Amsterdam and the Platform Economy


Course Objective

(a) Subject-specific learning outcomes
Upon the completion of this course, the student:
• has basic knowledge of the core doctrines and systems of contract law
and regulation in a national context
• the means or choice of regulation
• the differences between negotiated and non-negotiated contracts and
the policing thereof.

(b) Academic learning outcomes
Upon completion of the course the student is able:
• To read primary legal sources in the area of contract law and
• To identify different legal regimes that regulate the same societal
• To apply legal rules to (simplified) cases involving contract law and
administrative law o
• To offer interpretations of rules in light of changing circumstances
• To summarize and to articulate legal rules, principles, case law and
academic literature pertaining to the topics of this semester

(c) Social and communication learning outcomes
Upon completion of the course, the student is able:
• to summarize case law and academic literature in their own words in
• to present a summary of a judicial decision or academic writing in
their own words
• to provide feedback on the work of other students
• find relevant legal rules and principles, jurisprudence and academic
literature pertaining to the topics of this semester
• select reliable sources to solve basic legal problems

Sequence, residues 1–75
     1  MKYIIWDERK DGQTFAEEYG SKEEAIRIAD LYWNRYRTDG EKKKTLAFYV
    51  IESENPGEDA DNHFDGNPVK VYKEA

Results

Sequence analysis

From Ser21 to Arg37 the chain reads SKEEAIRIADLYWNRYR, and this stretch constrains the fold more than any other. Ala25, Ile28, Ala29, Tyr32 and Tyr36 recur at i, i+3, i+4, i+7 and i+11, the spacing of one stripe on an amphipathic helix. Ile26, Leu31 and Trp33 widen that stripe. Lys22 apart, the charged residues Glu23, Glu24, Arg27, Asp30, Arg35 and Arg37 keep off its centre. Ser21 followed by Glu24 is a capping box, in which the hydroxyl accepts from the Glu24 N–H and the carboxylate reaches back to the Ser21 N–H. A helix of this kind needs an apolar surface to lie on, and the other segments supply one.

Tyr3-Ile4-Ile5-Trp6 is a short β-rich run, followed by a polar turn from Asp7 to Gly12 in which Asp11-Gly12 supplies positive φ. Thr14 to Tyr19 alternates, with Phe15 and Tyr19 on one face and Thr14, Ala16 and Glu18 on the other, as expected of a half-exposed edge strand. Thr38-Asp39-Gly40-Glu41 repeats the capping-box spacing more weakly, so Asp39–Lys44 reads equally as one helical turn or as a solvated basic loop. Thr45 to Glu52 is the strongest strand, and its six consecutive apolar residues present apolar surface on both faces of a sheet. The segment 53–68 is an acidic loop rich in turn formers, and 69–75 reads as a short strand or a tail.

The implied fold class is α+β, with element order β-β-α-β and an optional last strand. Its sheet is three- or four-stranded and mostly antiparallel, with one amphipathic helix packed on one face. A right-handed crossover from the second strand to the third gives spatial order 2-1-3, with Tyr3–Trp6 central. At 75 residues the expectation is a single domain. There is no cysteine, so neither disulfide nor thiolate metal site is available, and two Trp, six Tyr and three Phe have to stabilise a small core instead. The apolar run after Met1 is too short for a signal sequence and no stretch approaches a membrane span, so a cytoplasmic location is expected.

(d) Study skills and professional orientation
Upon completion of the course, the student is able:
• to apply the necessary learning and study skills to reflect on his own
learning process.

Course Content

Contract and contract law provide the legal infrastructure of the
platform-economy. Contracts are concluded between the platform and the
supplier/prosumer, the platform and the consumer, on the one hand, and
between the supplier and the consumer on the other hand. Within the life
of contract, the following issues are distinguished: formation of the
contract, content of the contract and the remedies. These issues will be
discussed as well as the different types of contract, the way weaker
parties are protected.
However, these contracts also produce externalities, they affect, for
instance, the housing market and public policy in general. In the second
part of this course, it will be discussed how and to what extent
regulators can interfere. Moreover, it will be taken into account who
the stakeholders are who can influence that process. This will be
discussed from a multi-level perspective, which focuses on the local

Teaching Methods

Seminars (Attendance is mandatory)

Method of Assessment

Written exam

General Information

Course Code R_APE
Credits 6 EC
Period P4
Course Level 100
Language of Tuition English
Faculty Faculty of Law
Course Coordinator prof. mr. J.W. Rutgers
Examiner prof. mr. J.W. Rutgers
Teaching Staff prof. dr. A.R. Neerhof
prof. mr. S.E. Zijlstra

Practical Information

You need to register for this course yourself

Teaching Methods Lecture, Study Group